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Invest Radiol. 2010 Jul;45(7):370-7. doi: 10.1097/RLI.0b013e3181e1939d.

Intravascular functional maps of common neurovascular lesions derived from volumetric 4D CT data.

Author information

1
Division of Neuroradiology, Department of Medical Imaging, University Health Network, Toronto Western Hospital, Toronto, ON, Canada.

Abstract

PURPOSE:

Current computed tomography angiography (CTA) postprocessing tools do not support quantitative assessment of intravascular physiology. Dynamic volumetric CT, acquired at a sufficiently high temporal resolution, is ideal for such analysis. Following preliminary experiments in flow phantoms, we examine the segmentation of blood vessels from 4D CT angiography by curve fit and encoding of functional blood flow information into the resulting functional intravascular maps.

MATERIALS AND METHODS:

Flow phantoms were constructed consisting of a single pipe input and 4 simultaneous outputs of varying flow rates. Two outflow pipe diameters were tested. Bolus transit time (TT), time to peak (TTP), and time of arrival (TOA) were analyzed using contrast bolus profiles generated from 4D volumetric CT examinations on a 320 detector scanner in regions of interest placed 10 cm apart in all outflow pipes. Six subjects with various neurovascular lesions were next examined using a volumetric contrast-enhanced 4D CT angiography protocol. Segmentation was performed by quadratic curve fit after comparative analysis and optimization of the segmentation technique using quadratic curves, the gamma variate function, and a simplified formulation of the gamma variate function. After segmentation, quantitative analysis of spatially congruent intravascular voxels including TTP, rise, TT, and slope of the contrast upstroke was employed to encode physiologic information into the segmentations and produce intravascular functional maps. Comparison was made in each case to the patient's routine imaging.

RESULTS:

Increasing volumetric flow rates correspond to reduction of bolus TT in flow phantoms. TT elongation was observed as the contrast bolus moved distally in all pipes, with greater elongation seen at slower flow rates and larger pipe diameters. A greater difference was observed between TTP proximally and distally in pipes compared with TOA, an effect most prominent at slower flow rates and larger pipe lumens, and thus TTP was chosen for functional encoding into segmentations of the clinical series. In vivo, the quadratic function demonstrated the lowest coefficient of variation when fit to intravascular time density series and outperformed 2 formulations of the gamma variate function. After segmentation with quadratic curves, Gaussian distributions were chosen over gamma variate functions to characterize contrast bolus profiles while neglecting recirculation and to calculate functional parameters for spatial encoding. Intravascular functional maps free of bone artifacts were created in every case that demonstrated all appropriate vessels and showed agreement with conventional imaging modalities in terms of vessel delineation and the diagnosis of vascular pathology. The most useful and interesting functional maps are discussed in each case.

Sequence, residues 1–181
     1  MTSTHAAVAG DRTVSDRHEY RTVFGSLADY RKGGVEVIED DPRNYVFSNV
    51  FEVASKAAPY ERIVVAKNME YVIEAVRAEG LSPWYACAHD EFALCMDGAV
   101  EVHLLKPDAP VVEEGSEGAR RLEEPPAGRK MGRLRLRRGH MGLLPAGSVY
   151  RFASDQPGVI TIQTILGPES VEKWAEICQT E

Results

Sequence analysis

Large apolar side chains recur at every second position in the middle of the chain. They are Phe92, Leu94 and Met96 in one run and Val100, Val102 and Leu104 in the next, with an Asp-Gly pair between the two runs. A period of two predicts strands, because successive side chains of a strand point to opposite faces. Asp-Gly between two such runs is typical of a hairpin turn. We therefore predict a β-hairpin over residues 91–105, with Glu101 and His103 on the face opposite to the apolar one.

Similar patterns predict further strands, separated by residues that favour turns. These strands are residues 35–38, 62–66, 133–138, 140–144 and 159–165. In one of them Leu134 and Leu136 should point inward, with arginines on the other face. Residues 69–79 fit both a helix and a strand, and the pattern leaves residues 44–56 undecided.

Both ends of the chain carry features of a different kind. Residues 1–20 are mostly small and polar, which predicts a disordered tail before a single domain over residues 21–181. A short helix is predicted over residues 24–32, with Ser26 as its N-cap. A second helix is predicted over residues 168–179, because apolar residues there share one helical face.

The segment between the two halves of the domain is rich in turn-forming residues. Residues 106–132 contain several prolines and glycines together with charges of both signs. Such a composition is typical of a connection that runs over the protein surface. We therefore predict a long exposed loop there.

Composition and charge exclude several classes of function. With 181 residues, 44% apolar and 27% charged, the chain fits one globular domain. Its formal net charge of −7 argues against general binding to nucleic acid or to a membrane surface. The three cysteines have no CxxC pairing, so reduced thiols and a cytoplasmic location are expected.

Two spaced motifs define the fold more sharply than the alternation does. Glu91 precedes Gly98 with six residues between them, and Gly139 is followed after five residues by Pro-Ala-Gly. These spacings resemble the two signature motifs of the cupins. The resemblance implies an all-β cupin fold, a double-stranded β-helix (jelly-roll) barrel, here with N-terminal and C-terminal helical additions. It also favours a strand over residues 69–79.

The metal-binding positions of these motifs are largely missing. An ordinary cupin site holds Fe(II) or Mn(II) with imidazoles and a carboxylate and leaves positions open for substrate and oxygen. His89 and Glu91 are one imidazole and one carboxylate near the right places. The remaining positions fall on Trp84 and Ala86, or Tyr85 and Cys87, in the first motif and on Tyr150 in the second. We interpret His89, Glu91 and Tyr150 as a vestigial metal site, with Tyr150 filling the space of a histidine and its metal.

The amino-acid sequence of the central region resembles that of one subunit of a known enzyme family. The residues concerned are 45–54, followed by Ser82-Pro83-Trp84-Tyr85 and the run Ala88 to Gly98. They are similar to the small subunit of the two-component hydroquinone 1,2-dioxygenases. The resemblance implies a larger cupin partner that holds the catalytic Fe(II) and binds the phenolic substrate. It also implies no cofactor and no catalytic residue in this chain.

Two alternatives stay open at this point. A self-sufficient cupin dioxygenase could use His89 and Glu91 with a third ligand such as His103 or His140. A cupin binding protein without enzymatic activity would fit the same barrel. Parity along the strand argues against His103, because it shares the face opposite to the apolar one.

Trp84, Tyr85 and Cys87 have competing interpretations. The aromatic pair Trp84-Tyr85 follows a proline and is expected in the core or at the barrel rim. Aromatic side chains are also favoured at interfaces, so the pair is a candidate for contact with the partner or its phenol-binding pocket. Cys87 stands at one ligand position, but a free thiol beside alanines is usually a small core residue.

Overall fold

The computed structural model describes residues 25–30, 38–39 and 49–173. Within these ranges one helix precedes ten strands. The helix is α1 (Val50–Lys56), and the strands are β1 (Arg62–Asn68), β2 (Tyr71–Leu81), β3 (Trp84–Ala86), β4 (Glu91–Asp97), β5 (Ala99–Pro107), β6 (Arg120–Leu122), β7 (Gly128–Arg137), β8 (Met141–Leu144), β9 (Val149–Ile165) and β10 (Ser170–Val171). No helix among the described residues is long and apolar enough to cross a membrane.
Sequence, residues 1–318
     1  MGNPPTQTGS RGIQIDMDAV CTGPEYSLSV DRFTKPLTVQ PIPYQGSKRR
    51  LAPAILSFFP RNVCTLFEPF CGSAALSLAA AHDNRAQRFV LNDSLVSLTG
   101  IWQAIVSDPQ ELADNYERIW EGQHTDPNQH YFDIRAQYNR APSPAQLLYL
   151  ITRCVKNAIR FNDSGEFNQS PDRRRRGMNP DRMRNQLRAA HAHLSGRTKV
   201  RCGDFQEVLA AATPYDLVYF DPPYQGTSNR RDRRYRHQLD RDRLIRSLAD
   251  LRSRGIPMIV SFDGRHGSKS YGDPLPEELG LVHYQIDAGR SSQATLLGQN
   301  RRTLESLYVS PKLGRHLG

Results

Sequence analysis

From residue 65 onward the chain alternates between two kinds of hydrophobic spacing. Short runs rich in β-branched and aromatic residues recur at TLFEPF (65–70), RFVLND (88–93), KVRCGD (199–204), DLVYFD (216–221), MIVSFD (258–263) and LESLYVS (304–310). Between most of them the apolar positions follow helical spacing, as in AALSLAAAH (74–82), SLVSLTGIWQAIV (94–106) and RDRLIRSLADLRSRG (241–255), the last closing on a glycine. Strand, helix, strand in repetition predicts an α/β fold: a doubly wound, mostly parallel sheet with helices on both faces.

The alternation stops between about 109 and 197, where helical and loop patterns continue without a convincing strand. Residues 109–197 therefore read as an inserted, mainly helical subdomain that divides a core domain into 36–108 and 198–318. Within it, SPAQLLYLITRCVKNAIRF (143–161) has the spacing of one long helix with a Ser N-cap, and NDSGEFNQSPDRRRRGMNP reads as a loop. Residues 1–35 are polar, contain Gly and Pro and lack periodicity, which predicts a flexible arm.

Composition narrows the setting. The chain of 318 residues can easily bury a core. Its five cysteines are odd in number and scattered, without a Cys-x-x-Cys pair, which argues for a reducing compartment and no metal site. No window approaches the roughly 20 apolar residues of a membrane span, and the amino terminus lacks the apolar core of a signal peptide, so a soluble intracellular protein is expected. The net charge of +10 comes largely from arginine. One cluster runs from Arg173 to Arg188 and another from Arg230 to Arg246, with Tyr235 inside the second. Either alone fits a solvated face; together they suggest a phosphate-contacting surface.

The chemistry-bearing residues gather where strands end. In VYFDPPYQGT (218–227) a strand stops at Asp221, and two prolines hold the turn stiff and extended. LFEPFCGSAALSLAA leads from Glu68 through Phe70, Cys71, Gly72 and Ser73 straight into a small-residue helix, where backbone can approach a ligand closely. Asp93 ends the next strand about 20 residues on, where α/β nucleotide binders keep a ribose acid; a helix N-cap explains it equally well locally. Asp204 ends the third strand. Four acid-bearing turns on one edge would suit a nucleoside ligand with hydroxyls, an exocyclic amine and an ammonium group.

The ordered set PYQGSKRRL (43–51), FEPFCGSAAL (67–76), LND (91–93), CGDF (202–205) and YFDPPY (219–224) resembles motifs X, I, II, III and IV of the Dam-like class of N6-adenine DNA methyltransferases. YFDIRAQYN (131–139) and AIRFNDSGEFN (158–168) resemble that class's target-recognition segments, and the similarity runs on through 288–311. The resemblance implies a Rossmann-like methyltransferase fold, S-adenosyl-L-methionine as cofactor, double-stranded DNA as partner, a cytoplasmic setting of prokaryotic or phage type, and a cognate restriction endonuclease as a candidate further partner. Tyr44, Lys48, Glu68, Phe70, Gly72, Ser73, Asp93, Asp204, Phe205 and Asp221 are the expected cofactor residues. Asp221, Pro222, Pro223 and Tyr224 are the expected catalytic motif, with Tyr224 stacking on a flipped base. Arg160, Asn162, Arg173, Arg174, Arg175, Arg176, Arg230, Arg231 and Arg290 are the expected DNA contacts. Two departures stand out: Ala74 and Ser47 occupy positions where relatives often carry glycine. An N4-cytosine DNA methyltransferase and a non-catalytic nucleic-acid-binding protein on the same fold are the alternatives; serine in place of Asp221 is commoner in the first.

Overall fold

CONCLUSIONS:

The above approach to quantitative CT angiography provides a method of evaluating dynamic CTA data by means of intravascular functional maps. The techniques are broadly applicable in the clinical assessment of a variety of vascular diseases.

PMID:
20479649
DOI:
10.1097/RLI.0b013e3181e1939d
[Indexed for MEDLINE]

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